 campaigning priorities;

 structures and constitution.

The OG establishes a Conference Arrangements Committee for the purposes of deciding speakers and the agenda and to determine whether motions are within the remit of LLA, etc.

The OG decides on the ratio for the election of delegates. It will allocate all members to a particular area where a democratic meeting will be held for the purpose of electing conference delegates and deciding on motions and amendments.

All affiliated local or national groups or any 10 LLA members can submit one motion and one amendment on each separate conference heading.

Submitted by London LLA

1. Our aims and principles

1.1. The Labour Left Alliance brings together organisations, groups and individuals with a view to pursuing these aims.

1.2. Opposition to capitalism, imperialism, racism, militarism and the ecological degradation of the planet through the ruinous cycle of production for the sake of production or profit.

1.3. The replacement of Labour’s existing clause four with a commitment to socialism as the rule of the working class. We envisage a democratically planned economy and moving towards a stateless, classless, moneyless society that embodies the principle, “From each according to their abilities, to each according to their needs”. Alone such benign conditions create the possibility of every individual fully realising their innate potentialities.

1.4. Towards that end Labour should commit itself to achieving a democratic republic. The standing army, the monarchy, the House of Lords and the state sponsorship of the Church of England must go. We support a single-chamber parliament, proportional representation and annual elections. Labour needs to win the active backing of the majority of people and should seek to form a government only on this basis.

1.5. We seek to achieve the full democratisation of the Labour Party. All MPs, MEPs and MSPs should be subject to automatic reselection. All elected Labour Party members should be expected to take no more than the average skilled worker’s wage. The Parliamentary Labour Party should be subordinated to the National Executive Committee.

1.6. We support Labour as the federal party of the working class. All trade unions, cooperatives, socialist societies and leftwing groups and parties should be brought together in the Labour Party. Unity brings strength.

1.7. We shall work with others internationally in pursuit of the aim of replacing capitalism with working class rule and socialism.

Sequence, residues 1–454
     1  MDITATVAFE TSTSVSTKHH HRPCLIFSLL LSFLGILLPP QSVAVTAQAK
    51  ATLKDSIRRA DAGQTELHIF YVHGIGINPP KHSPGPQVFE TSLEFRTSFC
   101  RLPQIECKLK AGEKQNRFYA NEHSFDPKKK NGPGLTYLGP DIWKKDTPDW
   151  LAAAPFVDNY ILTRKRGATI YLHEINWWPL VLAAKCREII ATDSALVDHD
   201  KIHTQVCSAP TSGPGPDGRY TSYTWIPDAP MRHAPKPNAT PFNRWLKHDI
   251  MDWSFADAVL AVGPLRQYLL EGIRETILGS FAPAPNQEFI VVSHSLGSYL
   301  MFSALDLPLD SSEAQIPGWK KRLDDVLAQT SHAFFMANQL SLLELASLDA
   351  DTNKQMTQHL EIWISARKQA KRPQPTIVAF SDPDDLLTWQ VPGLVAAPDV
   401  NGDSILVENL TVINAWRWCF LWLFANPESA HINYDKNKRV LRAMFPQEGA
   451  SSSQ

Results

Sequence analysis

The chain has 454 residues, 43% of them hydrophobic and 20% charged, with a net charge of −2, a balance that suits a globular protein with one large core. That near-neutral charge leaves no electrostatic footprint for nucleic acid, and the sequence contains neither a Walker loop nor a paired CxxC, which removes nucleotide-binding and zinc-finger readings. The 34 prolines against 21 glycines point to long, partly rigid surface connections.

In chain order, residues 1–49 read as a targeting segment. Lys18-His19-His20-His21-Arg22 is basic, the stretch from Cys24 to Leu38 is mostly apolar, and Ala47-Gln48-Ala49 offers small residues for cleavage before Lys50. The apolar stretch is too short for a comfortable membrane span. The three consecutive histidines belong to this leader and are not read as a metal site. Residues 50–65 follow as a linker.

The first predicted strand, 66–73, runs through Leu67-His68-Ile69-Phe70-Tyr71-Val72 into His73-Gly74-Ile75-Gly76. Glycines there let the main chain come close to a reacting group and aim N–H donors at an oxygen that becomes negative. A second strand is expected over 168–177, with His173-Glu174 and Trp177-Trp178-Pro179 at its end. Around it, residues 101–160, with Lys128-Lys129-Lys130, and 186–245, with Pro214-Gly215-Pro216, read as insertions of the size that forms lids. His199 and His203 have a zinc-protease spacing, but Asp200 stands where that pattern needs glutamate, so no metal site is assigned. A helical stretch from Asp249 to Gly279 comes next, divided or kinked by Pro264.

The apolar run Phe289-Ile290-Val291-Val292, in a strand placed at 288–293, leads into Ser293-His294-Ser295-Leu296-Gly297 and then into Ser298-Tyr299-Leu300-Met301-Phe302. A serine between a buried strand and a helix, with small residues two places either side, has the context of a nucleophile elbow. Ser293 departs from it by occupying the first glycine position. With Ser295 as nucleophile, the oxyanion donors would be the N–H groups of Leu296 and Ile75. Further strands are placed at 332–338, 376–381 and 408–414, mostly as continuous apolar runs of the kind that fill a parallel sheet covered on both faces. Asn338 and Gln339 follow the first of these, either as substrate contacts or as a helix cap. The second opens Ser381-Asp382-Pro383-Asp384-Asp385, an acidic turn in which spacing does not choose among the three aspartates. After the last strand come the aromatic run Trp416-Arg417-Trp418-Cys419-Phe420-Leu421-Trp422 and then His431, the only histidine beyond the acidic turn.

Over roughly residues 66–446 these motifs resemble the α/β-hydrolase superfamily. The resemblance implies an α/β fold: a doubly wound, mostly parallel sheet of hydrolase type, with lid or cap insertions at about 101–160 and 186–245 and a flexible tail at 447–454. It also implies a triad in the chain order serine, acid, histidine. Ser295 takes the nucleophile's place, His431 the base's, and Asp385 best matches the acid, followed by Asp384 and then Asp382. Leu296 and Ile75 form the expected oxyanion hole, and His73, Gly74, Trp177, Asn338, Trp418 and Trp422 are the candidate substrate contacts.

2. Structure

2.1. The Labour Left Alliance is a membership organisation. Members are required to accept our political aims and principles and pay an annual fee (to be set by the Organising Group).

2.2. We believe in the free and open exchange of ideas and viewpoints. But, once the LLA has agreed a particular action, we seek to achieve the maximum unity. That cannot be imposed - it has to be won.

2.3. We expect all LLA members to be in the Labour Party and encourage all those not already involved in local Labour Left groups to become active in one or help set one up. Our aim is to organise all members in local and regional LLA groups and branches. We also welcome, on all levels of the organisation, those who have been suspended or expelled as part of the witch-hunt against the left.

2.4. LLA conference meets at least once a year. Conference will consist of either individual members or delegates from affiliated groups or LLA branches (at a ratio to be decided by the Organising Group). Conference debates aims and principles, agrees political strategy, votes on motions and elects a leadership.

2.5. If 30% of affiliated groups and branches or 30% of individual members so wish, there will be a special conference.

2.6. Affiliated groups, LLA branches or any 10 LLA members can submit one motion and one amendment to conference.

3. Organising Group

3.1. The OG functions as the leadership of the LLA. The OG is elected at conference. Conference decides on the size and functions of the OG.

3.2. The OG elects its own officers on the basis of immediate recallability. The OG can coopt members, given particular needs. While coopted members shall have speaking rights, they will have no voting rights.

3.3. The OG should meet at least quarterly, in a face-to-face or an online meeting. It can also make decisions via email or other agreed communication channels by a simple majority of those voting within a given timeframe. It produces regular minutes/reports to LLA supporters. If possible, meetings should be scheduled well in advance (at least one month).

3.4. The OG decides on the level of affiliation fees for groups and organisations and needs to approve all requests for affiliation.

3.5. All decisions at all levels are made by a simple majority of those voting (excluding abstentions).

3.6. The OG can set up working groups and sub-committees on any particular subject.